Sunday, October 9, 2016

The French Guitarde by Adam Miller

Adam Miller  published an article in the Timber Framing Guild's magazine last month and since it was the first French guitarde model built in the United States by an American carpenter I wanted to share it on my blog.  It's great to see an American carpenter studying L'Art du Trait and understanding it like Adam.








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-Adam Miller, October 2016

When it came time for me to get serious about my compound joinery, I decided to work through a series of exercises in the Billon Freres classic, L'Art du Trait de Charpenterie. Originally published over a century ago, Billon Freres remains in print through Editions H. Vial in France.
The guitarde is a bold statement of what l'art du trait can create. Quite in contrast to today's world of computer modeling and speed squares, every piece of information required to build the guitarde is drawn on a single sheet of paper, the epure. In the photos, you can see the elevations of each component folded down around the central plan view of the guitarde. Lines from points in plan intersect with reference lines to define the curves in the elevations. Directly transferring series of points in plan and elevation onto the work-piece yield multiply curved components and the corresponding compound (and curved compound) cuts to mate them together into the guitarde.
The other photos show the two capucines I built as preludes to the guitarde. The first is rectangular in plan with irregular hips and jack rafters. The second is similarly framed, but adds the curved tenailles, or pincer braces. All of these forms are variations on hip framing.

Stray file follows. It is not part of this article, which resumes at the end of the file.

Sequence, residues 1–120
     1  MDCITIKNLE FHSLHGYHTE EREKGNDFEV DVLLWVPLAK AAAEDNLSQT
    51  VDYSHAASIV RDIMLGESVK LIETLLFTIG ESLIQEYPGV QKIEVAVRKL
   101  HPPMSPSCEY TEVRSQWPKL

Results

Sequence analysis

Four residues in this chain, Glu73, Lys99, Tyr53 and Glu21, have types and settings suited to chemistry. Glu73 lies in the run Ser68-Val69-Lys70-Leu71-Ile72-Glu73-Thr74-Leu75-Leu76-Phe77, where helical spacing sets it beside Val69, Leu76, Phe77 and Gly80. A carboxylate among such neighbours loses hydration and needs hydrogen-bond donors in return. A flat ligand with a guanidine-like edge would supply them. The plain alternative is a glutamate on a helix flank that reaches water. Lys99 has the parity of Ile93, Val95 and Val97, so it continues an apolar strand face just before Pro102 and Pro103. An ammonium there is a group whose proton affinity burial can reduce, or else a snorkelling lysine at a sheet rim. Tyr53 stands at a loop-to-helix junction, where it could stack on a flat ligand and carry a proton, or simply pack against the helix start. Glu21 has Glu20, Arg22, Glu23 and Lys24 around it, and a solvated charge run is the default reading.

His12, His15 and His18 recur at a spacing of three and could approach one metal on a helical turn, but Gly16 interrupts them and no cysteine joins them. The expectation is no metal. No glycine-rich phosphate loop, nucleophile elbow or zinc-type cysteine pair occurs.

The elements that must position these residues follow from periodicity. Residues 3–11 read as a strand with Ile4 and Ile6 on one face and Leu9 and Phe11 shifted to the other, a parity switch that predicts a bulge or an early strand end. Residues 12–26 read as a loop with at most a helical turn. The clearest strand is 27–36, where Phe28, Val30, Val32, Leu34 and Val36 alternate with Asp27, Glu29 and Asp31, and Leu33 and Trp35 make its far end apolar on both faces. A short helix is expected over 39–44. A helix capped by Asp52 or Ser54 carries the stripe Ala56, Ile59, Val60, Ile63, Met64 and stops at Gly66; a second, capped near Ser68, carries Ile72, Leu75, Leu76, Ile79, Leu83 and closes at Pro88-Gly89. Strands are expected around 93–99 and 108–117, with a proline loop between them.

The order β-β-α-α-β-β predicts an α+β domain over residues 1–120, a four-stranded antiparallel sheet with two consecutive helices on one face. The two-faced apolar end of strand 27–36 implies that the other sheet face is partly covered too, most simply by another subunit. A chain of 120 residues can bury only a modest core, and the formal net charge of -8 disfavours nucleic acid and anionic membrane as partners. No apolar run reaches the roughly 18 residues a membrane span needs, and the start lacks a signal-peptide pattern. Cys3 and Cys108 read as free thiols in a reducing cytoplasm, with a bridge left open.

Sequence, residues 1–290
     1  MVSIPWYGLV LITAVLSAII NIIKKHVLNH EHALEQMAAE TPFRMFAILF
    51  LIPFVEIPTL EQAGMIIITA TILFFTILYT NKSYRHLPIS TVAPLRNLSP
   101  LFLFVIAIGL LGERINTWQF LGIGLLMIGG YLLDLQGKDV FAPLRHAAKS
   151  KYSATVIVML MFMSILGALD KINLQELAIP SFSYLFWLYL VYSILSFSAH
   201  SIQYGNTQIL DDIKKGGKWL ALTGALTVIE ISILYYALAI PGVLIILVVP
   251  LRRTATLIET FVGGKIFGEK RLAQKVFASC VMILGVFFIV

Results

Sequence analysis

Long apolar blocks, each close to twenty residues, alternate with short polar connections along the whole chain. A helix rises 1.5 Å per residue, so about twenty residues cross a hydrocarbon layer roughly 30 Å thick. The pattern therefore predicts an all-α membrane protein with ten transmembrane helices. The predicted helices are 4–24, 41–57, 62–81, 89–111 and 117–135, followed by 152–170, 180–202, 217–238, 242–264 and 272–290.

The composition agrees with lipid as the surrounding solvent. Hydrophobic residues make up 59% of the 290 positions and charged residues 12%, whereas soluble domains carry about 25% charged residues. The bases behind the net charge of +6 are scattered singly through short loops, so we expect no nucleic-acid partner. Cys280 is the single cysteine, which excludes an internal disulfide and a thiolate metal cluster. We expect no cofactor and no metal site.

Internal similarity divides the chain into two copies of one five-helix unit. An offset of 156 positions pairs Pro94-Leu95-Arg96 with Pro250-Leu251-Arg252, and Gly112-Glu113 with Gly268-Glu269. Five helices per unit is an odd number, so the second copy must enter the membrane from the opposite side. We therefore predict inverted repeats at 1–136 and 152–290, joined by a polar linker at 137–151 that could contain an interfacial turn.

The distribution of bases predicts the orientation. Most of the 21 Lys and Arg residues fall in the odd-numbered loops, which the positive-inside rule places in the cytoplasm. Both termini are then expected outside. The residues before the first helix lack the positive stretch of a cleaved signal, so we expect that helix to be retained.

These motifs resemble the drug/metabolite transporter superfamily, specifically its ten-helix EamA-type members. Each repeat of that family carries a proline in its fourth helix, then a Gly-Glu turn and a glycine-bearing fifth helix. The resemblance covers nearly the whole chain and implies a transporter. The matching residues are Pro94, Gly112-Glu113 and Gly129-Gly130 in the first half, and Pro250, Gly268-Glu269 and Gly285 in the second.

These models range from about 8” to 12” wide, and the group photo shows all three in a single mortise cut in a massive pine log.












Update: Adam will be teaching a course on Building a French (Capucine/Guitarde) dormer this October 16th-20th 2017 at Will Beemer's Heartwood Timber Framing School located in the Berkshire Hills of western Massachusetts .

You can register for the class at the link below.


4 comments:

  1. Hey Sim, thanks for sharing this article as well. I'm a framer on the east coast and been studying art du trait and I gotta say I'm in love with it. As a American carpenter bringing historicle carpentry back means a lot to me I try hard to succeed and better my skills and knowledge everyday.

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  3. Hey! I've been loving your blog. Thanks for this, reading about l'art du trait has opened my eyes to a new level of potential. Any idea of any books in English on the topic?

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  4. I am really read your roofing magazine blog.Thanks for share.

    construction world magazine india

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